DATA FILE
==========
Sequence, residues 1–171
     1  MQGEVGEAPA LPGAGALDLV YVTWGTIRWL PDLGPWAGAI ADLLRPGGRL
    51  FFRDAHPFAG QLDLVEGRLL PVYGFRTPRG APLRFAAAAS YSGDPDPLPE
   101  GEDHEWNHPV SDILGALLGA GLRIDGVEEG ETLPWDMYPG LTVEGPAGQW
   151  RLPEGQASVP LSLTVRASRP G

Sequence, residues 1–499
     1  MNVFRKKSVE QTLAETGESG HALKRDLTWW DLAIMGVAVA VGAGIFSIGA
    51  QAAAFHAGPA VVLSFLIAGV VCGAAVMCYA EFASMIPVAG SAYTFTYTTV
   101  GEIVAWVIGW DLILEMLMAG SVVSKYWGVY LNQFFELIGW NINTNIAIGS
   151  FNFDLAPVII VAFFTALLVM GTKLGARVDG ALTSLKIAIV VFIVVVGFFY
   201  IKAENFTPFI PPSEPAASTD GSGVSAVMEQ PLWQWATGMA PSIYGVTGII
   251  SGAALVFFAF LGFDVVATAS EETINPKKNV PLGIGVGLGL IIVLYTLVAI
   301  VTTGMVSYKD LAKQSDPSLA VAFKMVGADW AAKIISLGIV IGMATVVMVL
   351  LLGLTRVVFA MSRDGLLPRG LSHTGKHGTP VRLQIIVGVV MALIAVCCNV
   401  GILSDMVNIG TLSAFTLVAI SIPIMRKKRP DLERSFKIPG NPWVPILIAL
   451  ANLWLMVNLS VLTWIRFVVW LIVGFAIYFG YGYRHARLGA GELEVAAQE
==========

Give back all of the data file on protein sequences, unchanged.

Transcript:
Sequence, residues 1–171
     1  MQGEVGEAPA LPGAGALDLV YVTWGTIRWL PDLGPWAGAI ADLLRPGGRL
    51  FFRDAHPFAG QLDLVEGRLL PVYGFRTPRG APLRFAAAAS YSGDPDPLPE
   101  GEDHEWNHPV SDILGALLGA GLRIDGVEEG ETLPWDMYPG LTVEGPAGQW
   151  RLPEGQASVP LSLTVRASRP G

Sequence, residues 1–499
     1  MNVFRKKSVE QTLAETGESG HALKRDLTWW DLAIMGVAVA VGAGIFSIGA
    51  QAAAFHAGPA VVLSFLIAGV VCGAAVMCYA EFASMIPVAG SAYTFTYTTV
   101  GEIVAWVIGW DLILEMLMAG SVVSKYWGVY LNQFFELIGW NINTNIAIGS
   151  FNFDLAPVII VAFFTALLVM GTKLGARVDG ALTSLKIAIV VFIVVVGFFY
   201  IKAENFTPFI PPSEPAASTD GSGVSAVMEQ PLWQWATGMA PSIYGVTGII
   251  SGAALVFFAF LGFDVVATAS EETINPKKNV PLGIGVGLGL IIVLYTLVAI
   301  VTTGMVSYKD LAKQSDPSLA VAFKMVGADW AAKIISLGIV IGMATVVMVL
   351  LLGLTRVVFA MSRDGLLPRG LSHTGKHGTP VRLQIIVGVV MALIAVCCNV
   401  GILSDMVNIG TLSAFTLVAI SIPIMRKKRP DLERSFKIPG NPWVPILIAL
   451  ANLWLMVNLS VLTWIRFVVW LIVGFAIYFG YGYRHARLGA GELEVAAQE